Crispy Wild Boar at Lenoir
Crispy Wild Boar at Lenoir
Lenoir1807 S. 1st St., Austin TX 78704 - Like eating at the home of owners Todd and Jessica Duplechan. The concept is simple: any three courses for $45; extra courses are $10. The food is wonderful and the service is exemplary. Don't miss it (and be sure to make a reservation).

Odd Duck1201 S. Lamar, Austin TX 78704 - A food trailer that grew up to be a brick & mortar, by the same chef-owner as Barley Swine (below). Full blog post here.

Otoko1603 South Congress, Ave., Austin TX 78704 - Paul Qui is behind this 12-seat, all-omakase experience, though I've yet to hear anyone say they actually saw him behind the counter. Honestly, I was a little disappointed by my only visit here - the food was wonderful and it was one of the most beautiful meals I can ever remember enjoying, but I was hungry shortly after I left, which is kind of a downer at this price point.

Perla's, 1400 S. Congress Ave., Austin TX 78704 - One of very few locally-owned seafood restaurants in town. One of Perla's best assets is the expansive patio right on South Congress, perfect for people-watching.

South Congress Cafe1600 S. Congress Ave., Austin TX 78704 - New American in a casual-yet-upscale setting. They don't take reservations, and there can be a long wait at peak hours.

Sway1417 S. 1st, Austin TX 78704 - Modern Thai dishes that pack a serious flavor punch. Full blog post about it here.

Walu Walu (grilled escolar) at Uchi
Uchi801 S. Lamar, Austin TX 78704 - Sushi/Japanese fusion. It's a scene, and usually requires a wait, but it's worth it. Don't miss the hamachi nabe.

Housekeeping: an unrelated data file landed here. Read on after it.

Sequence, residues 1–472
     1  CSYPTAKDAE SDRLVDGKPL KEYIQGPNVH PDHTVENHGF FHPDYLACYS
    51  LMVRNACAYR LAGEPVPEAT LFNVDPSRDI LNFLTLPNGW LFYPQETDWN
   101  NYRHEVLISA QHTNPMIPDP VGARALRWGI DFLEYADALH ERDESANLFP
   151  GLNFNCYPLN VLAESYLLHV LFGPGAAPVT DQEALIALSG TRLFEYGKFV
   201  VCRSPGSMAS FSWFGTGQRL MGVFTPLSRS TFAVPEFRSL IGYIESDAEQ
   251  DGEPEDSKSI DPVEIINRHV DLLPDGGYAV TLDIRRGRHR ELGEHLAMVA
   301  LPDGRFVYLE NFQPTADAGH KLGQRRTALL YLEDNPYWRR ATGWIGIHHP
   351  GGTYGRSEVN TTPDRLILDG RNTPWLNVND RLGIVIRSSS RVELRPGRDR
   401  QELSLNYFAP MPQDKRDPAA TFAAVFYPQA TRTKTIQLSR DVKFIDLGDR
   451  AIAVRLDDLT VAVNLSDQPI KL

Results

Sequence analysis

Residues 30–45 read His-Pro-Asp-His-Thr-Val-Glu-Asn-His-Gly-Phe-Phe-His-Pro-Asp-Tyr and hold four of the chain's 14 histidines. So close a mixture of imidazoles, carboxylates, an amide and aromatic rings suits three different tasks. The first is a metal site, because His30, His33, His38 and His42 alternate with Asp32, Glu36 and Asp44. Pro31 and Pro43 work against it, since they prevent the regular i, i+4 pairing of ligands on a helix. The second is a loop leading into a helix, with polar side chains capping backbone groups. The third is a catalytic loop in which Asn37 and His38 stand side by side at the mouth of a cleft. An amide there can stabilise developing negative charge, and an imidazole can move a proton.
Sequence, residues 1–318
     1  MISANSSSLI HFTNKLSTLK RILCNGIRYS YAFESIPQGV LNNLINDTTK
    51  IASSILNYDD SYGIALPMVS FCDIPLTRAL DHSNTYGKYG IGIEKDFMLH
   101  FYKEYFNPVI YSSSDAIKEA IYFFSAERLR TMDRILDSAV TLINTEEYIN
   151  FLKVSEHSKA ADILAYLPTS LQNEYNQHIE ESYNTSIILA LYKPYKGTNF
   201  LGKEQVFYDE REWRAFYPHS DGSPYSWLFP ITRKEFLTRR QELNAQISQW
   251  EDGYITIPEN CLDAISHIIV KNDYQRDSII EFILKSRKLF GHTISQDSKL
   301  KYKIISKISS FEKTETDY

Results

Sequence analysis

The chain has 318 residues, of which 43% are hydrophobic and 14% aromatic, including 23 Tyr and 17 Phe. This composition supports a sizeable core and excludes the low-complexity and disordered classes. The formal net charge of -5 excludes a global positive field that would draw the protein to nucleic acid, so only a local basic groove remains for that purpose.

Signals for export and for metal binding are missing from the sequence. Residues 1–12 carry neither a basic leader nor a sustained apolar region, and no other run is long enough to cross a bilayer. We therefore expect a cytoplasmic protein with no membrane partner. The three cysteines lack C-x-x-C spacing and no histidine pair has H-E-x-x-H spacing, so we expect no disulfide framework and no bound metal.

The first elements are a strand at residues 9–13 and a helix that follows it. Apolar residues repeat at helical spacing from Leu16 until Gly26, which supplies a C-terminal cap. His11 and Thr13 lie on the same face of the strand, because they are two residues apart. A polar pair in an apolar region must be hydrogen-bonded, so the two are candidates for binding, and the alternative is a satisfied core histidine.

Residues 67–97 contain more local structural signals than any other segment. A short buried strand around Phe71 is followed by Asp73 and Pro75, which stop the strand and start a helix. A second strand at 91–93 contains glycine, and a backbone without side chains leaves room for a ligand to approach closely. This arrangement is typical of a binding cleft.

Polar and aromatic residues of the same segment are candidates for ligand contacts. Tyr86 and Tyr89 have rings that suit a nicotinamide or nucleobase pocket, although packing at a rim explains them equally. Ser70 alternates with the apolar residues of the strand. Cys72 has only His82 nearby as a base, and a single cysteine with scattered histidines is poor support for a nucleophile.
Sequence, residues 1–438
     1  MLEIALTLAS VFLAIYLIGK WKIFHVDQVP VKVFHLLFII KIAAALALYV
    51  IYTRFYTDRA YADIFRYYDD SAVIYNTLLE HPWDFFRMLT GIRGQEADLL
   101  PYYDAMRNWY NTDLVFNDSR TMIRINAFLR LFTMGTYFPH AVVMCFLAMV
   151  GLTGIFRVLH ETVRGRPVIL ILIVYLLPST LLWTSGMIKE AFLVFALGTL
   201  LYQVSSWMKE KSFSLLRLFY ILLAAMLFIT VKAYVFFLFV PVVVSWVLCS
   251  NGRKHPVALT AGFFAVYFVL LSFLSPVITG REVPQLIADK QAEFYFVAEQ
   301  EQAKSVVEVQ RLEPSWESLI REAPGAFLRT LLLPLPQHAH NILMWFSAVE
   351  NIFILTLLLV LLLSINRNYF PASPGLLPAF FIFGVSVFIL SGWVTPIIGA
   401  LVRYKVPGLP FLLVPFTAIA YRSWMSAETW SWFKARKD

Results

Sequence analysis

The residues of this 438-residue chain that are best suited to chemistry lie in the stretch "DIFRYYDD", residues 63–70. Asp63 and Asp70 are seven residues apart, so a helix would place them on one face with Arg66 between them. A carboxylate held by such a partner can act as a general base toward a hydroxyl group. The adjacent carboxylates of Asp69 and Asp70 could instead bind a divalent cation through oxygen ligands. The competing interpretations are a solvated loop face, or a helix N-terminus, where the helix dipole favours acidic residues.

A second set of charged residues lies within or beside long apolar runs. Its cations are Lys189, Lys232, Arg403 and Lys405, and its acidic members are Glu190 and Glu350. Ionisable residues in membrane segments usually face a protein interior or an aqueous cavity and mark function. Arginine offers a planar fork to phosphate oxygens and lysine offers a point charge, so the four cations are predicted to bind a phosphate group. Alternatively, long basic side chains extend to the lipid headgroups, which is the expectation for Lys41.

Vespaio1610 S. Congress Ave., Austin TX 78704 - Italian. Its sister restaurant next door, Enoteca Vespaio, also offers delicious food in a more casual atmosphere.

VOX Table, 1100 South Lamar Blvd, Ste 2140, Austin TX 78704 - Beautifully-presented plates that are perfect for sharing.

Zax312 Barton Springs Rd, Austin TX 78704 - A bright, laid back spot with a dog-friendly patio that I always enjoy. I have trouble veering away from the shrimp remoulade salad, but whenever I have, it's always been tasty. For those of you with refined bloody Mary palates, be sure to check out their build-your-own bloody Mary bar during brunch.


NORTH OF DOWNTOWN:

Asti408C E. 43rd St., Austin TX 78751 - Solid Italian fare from experienced restauranteurs Lisa & Emmett Fox.

Barley Swine6555 Burnet Road, Ste 400, Austin TX 78757 - Interesting, innovative fare from a chef with a nose-to-tail philosophy.

The Carillon1900 University Ave., Austin TX 78705 - Located in the AT&T Conference Center & Hotel on campus, The Carillon could easily be a buffet restaurant in a large, well-funded university. And, in fact, during the day, it is. But at night, it transforms into a fine dining establishment with very good food.

ChinatownThree locations: North - 3407 Greystone Drive, Austin TX 78731; Downtown - 107 W. 5th Street, Austin, TX 78701; West - 2712 Bee Caves Road, Ste 124, Austin TX 78746 - My experiences here have been a little hit-or-miss, though my friends know to take my extreme Chinese food pickiness with a grain of salt. I usually end up with a sushi sampler at their Westlake location.

Fonda San Miguel2330 W. North Loop, Austin TX 78756 - Interior Mexican in a warm, inviting atmosphere.

Foreign & Domestic306 E. 53rd St., Austin TX 78751 - A tiny place with a completely open (and similarly tiny) kitchen surrounded by bar seating so you can watch the action while you swoon over your food. The food here can be a little adventurous (in a good way) - I once tried venison heart tartare here.
Chirashi Bowl at Hanabi